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What We Do

Stop & Search

"Racialised stop and search is also a legacy of more direct and brutal forms of policing the black body in the UK, from back in the days before political correctness."


Author, Musician & Educator

What we are doing

We know that in Lambeth, Black people are more than twice as likely to be stopped by the police than White people. In 2020, only 25% of stop and search of all ethnic groups across London led to further action. The disproportionate use of stop and search powers on Black people have created tension between our communities and the police for decades.

Black Thrive Lambeth and King’s College London are researching the impact of stop and search on the mental health of Black young people. Black Thrive Lambeth have partnered with the ESRC Centre for Society and Mental Health to use the data they have gathered on the REACH Study which highlights the mental health of young people in South London.

Listen to our Community research Coordinator Nathaniel Martin give an overview of the project.

Know Your Rights

Things to know about Stop and Search

A police officer has powers to stop and search you if they have ‘reasonable grounds’ to think you’re carrying:
  • illegal drugs
  • a weapon
  • stolen property
  • something which could be used to commit a crime, such as a crowbar

Our roots and rationale

‘Reasonable grounds’ means what an ordinary person would think was fair if they had all the information the police officer has. A police officer cannot stop and search you because of your physical appearance, or because of your race or ethnicity. A police officer may also have the power to stop and search you if you’re in a specific location or area or they have reasonable grounds to believe that serious violence could take place. Before you’re searched the police officer must tell you:
  • their name and police station
  • what they expect to find, for example drugs
  • the reason they want to search you, for example if it looks like you’re hiding something
  • why they are legally allowed to search you
  • that you can have a record of the search and if this isn’t possible at the time, how you can get a copy
A police officer can ask you to take off your coat, jacket, or gloves. If they want you to remove anything more, they must take you to a police station, or somewhere private like a police tent. If the officer wants, you to remove more than a jacket and gloves they must be the same sex as you.

The police might ask you to take off anything you’re wearing for religious reasons – for example a veil or turban. If they do, they must take you somewhere out of public view.
Police station

The Stop and Search Project is a Mayor’s Office encouraged and historically supported project. On the 13th of November 2020 the Mayor’s Action Plan recognised the impact and prevalence of systemic racism within public institutions and aimed to increase the levels of trust that Black Londoners have in the Metropolitan Police Service (MPS).

The plan also acknowledged that within the Black community there was a feeling that the Metropolitan Police Service fails to understand Black communities, neither is it representative of them.

In May 2020, 2561 Stop and Searches took place in Lambeth, 67% (1759) were carried out with Black people, compared to only 23% (595) who were White (Metropolitan Police, 2021). This is despite Black people making up 30% of the population in Lambeth, compared to White people who make up 55% of the Lambeth population. The disproportionate use of police powers against the Black community is very evident.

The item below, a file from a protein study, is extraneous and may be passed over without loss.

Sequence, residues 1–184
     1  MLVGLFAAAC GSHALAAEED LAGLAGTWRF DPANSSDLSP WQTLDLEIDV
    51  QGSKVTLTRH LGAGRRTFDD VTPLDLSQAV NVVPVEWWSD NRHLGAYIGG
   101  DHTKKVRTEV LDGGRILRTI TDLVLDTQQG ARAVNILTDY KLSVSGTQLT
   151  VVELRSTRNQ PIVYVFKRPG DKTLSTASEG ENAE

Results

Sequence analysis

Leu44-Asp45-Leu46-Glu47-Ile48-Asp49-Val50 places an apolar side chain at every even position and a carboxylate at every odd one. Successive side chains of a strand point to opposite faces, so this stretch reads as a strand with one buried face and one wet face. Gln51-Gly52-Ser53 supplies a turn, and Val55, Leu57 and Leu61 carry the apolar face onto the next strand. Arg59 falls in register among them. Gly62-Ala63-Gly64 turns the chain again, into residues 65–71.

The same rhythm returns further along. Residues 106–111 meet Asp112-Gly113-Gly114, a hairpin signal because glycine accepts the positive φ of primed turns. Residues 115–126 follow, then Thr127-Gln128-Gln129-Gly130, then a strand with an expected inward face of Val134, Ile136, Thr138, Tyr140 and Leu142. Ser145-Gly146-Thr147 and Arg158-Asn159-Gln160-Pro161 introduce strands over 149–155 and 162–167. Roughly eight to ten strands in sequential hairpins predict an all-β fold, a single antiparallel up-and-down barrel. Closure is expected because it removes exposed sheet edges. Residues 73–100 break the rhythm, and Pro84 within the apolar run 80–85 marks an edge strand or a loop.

Our Ambition

At the centre of Black Thrive Lambeth, we amplify and embed the voices of our community to drive meaningful change, facilitate partnerships with key system players, to redress the imbalance of power and inequality felt by Black Lambeth communities, so that Black people thriving is the norm.

By partnering with King’s College London and the Centre for Society and Mental Health, Black Thrive Lambeth hopes to add some meaningful data and insight to the conversation around the practice of stop and search and its effects on Black young people.

We hope to:

  • Gain insight into the impact of Stop and Search on the wellbeing of Black young people and to shift the mental models of key stakeholders through storytelling.
  • Co-design solutions with young people to reduce the disproportionate use of Stop and Search powers by the Police.
  • Equip young people with the tools to challenge poor Stop and Search practice.
  • Empower frontline workers to support young people who are stopped and searched and to have the confidence to challenge poor Stop and Search practice.
  • Reduce the disproportionate use of Stop and Search by raising awareness among the police of the negative impact it has on the mental health of young people, co-creating training for the Lambeth and Southwark BCU forces, codesign training with Black communities, to enable them to effectively challenge police processes and support Black young people who have had negative Stop and Search experiences.
  • Improve community relations and partnership working by creating a platform that brings together young people, the Black community, the police, statutory services, and the voluntary sector to find solutions.

Our Partners

Get Involved

If you are interested in this project and would like to find out more information, please email stopandsearch@blackthrive.org